Stucky, Jacob (1824-1893)
|Jacob Stucky (1824-1893)
Mennonite Church USA Archives -
Jacob Stucky (1824-1893), pioneer, educator, minister, and elder of the Volhynian Swiss Mennonites in Poland and in America, was born in Volhynia, Russian Poland, on 25 October 1824, the eighth child of Christian and Katharina Mündelheim Stucky. He married Anna Waltner in 1849; eight of their children grew to maturity. His wife died shortly before the trek to America and on 2 May 1879, he married Barbara Kaufmann Voran. His descendants total over 1,335, of whom more than 1,200 are living in the United States and Canada.
Stucky was baptized in 1840 and elected into the ministry on 29 May 1851, and ordained as elder on 29 September 1862. During that year his congregation moved from Eduardsdorf eastward some 160 miles to Kotozufka and Neumannovka, in Russian Poland, where they were permitted to own land on condition that they clear it and build their homes in true pioneering. The Swiss Mennonites established the churches of Zahorez, Horodyszcze, Waldheim, and Kotozufka in Volhynia. Kotozufka, the largest, was known as the Stucky Church. When they were barely established the policies of Russification and militarization dictated another move for conscience' sake. With the assistance of Jacob Goering, Stucky led his entire congregation (except two bachelors) of 73 families from Poland to America. They left their homes on 6 August 1874, and arrived at Peabody, Kansas, in approximately one month. They later settled in the region around Moundridge, Kansas.
The congregation organized under the name Hoffnungsfeld (General Conference Mennonite Church). Here Stucky served faithfully until his death. He had a warm personality and was held in high esteem by the Swiss Mennonites of the settlement. He served various kinds of Mennonite groups from Western Kansas to South Dakota. During the first six years in Kansas he baptized 142 persons, 60 of these in his home church, 56 at the Emmanuel Church, then known as the "Cantongemeinde," 20 at Pawnee Rock, and at Hartford in Lyons County, Kansas.
Elder Stucky was also concerned with bringing about orderly church life among many groups of Mennonites in Kansas, and played a part in the organization of the Kansas Conference. He promoted the cause of relief and Christian charity, especially regarding widows and orphans. He was also interested in Christian education, and pleaded in the press for a living wage for the instructor so that he could devote his full time to the cause. In 1877 he was elected to a "Committee of Seven" at Alexanderwohl to plan for a "Fortbildungsschule." He served on Kansas (now Western District) Conference committees. He was a member of the Christian Education Committee from 1877 to his death. In 1887 he was one of the thirty-three who signed the Bethel College Corporation Charter. He died at Moundridge on 25 Apri 1893, and was buried in the Hopefield cemetery.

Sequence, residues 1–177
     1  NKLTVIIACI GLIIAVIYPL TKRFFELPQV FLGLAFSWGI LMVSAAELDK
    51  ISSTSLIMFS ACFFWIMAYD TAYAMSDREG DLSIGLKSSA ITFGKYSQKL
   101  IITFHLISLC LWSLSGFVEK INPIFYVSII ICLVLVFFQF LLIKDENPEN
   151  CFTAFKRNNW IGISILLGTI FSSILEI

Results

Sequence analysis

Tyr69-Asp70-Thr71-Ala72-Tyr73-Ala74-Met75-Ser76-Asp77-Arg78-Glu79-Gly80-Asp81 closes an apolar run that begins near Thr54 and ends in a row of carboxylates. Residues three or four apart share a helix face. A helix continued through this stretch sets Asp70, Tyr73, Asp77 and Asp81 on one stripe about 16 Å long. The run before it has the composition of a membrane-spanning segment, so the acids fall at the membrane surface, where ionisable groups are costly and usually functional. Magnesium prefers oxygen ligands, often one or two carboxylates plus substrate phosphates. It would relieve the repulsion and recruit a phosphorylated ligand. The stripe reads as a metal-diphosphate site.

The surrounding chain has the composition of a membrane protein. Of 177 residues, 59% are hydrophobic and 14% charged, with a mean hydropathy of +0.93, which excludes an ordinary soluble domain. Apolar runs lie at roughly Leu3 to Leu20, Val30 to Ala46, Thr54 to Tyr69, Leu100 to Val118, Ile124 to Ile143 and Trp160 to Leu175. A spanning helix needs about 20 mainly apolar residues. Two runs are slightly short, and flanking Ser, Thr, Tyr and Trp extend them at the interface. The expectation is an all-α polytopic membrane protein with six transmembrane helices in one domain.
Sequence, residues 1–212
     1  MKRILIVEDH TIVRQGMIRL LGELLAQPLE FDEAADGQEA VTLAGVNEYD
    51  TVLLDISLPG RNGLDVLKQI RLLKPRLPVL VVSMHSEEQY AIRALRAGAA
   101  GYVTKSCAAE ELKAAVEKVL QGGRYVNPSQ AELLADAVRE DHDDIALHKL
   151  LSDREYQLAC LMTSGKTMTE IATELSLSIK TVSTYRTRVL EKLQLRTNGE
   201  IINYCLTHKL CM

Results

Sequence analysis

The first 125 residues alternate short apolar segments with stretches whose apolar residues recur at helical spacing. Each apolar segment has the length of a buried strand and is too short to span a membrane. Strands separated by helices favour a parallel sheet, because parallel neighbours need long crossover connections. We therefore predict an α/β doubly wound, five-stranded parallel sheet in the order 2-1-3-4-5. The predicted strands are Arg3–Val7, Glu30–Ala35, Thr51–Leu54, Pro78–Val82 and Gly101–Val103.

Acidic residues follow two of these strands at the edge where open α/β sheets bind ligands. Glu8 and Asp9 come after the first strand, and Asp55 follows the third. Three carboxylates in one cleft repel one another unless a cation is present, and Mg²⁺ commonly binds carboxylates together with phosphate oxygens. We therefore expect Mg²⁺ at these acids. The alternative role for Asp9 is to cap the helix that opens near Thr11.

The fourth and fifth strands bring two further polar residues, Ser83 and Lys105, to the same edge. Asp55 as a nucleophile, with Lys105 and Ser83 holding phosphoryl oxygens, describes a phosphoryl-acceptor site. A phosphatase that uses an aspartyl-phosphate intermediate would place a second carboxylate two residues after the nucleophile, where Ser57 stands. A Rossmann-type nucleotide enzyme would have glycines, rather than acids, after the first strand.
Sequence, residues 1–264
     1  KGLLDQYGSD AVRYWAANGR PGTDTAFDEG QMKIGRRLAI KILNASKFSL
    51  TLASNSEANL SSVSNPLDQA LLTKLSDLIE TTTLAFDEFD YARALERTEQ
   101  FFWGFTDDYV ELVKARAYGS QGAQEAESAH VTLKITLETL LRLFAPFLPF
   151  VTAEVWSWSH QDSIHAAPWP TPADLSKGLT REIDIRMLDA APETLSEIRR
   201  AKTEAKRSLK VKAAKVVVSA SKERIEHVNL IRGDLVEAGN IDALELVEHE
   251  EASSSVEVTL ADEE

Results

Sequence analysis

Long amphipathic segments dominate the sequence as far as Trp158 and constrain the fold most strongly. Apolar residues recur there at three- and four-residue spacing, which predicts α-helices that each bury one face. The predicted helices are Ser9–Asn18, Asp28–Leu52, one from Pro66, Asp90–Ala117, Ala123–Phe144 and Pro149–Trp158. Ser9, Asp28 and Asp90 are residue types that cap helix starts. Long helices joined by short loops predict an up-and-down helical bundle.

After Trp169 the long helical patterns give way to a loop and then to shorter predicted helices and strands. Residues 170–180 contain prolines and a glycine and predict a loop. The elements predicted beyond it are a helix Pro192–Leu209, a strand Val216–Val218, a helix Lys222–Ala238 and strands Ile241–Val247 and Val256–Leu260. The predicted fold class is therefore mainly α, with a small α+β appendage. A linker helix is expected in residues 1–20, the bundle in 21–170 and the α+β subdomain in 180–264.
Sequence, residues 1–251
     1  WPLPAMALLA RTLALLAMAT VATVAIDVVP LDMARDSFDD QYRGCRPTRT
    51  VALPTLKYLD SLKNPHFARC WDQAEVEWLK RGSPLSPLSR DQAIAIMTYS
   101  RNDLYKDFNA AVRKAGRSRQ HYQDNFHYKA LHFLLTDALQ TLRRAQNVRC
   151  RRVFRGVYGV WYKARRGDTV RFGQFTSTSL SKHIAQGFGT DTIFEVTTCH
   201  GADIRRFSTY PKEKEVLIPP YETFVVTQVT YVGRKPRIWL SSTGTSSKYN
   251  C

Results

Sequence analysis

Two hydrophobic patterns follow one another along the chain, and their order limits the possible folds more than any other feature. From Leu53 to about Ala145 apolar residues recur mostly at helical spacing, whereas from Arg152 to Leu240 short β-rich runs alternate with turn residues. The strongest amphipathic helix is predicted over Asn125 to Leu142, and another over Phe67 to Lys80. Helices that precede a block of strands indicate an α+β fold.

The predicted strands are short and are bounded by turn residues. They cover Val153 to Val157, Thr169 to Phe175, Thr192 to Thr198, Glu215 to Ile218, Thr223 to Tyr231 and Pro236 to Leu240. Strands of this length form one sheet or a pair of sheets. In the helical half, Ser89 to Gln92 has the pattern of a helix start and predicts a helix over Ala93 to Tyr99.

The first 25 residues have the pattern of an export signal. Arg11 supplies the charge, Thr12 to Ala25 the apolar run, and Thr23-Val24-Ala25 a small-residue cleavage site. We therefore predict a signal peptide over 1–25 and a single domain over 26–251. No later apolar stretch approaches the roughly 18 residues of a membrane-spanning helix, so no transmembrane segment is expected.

Goering, Jacob M. and Anna J. The Rev. Jacob Stucky Family Record 1824-1953. North Newton, 1954.
Neufeld, I. G, "Jacob Stucky—Pioneer of Two Continents." Mennonite Life IV (January 1949): 46 f.
Adapted by permission of Herald Press, Harrisonburg, Virginia, and Waterloo, Ontario, from Mennonite Encyclopedia, Vol. 4, pp. 647-648. All rights reserved. For information on ordering the encyclopedia visit the Herald Press website.
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MLA style: Stucky, Harley J. "Stucky, Jacob (1824-1893)." Global Anabaptist Mennonite Encyclopedia Online. 1959. Web. 26 May 2013. http://www.gameo.org/encyclopedia/contents/stucky_jacob.
APA style: Stucky, Harley J. (1959). Stucky, Jacob (1824-1893). Global Anabaptist Mennonite Encyclopedia Online. Retrieved 26 May 2013, from http://www.gameo.org/encyclopedia/contents/stucky_jacob.